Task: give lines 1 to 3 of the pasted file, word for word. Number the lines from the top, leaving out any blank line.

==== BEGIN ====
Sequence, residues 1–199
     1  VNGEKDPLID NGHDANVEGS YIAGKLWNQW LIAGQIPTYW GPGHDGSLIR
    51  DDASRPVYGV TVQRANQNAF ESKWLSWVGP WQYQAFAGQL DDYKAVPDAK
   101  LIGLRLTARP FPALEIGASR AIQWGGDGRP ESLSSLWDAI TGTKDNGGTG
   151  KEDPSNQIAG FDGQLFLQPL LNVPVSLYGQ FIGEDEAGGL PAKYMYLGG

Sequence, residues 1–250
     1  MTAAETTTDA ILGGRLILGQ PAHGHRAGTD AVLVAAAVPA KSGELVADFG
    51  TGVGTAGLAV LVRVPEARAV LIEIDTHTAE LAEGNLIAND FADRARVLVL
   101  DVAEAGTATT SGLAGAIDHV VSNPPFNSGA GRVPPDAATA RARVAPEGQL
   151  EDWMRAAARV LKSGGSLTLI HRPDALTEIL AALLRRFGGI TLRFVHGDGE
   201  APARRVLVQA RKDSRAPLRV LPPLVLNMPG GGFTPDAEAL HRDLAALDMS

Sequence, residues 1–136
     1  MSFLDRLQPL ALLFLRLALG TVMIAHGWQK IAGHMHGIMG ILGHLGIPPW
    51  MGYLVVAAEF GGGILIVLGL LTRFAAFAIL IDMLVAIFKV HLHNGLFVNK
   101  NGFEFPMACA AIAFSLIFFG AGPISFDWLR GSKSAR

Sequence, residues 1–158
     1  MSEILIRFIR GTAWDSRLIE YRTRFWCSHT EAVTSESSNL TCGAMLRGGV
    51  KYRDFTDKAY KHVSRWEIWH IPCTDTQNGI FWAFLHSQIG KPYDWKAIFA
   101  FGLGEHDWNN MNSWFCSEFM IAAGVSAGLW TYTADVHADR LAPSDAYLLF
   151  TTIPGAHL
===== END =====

Sequence, residues 1–199
     1  VNGEKDPLID NGHDANVEGS YIAGKLWNQW LIAGQIPTYW GPGHDGSLIR
    51  DDASRPVYGV TVQRANQNAF ESKWLSWVGP WQYQAFAGQL DDYKAVPDAK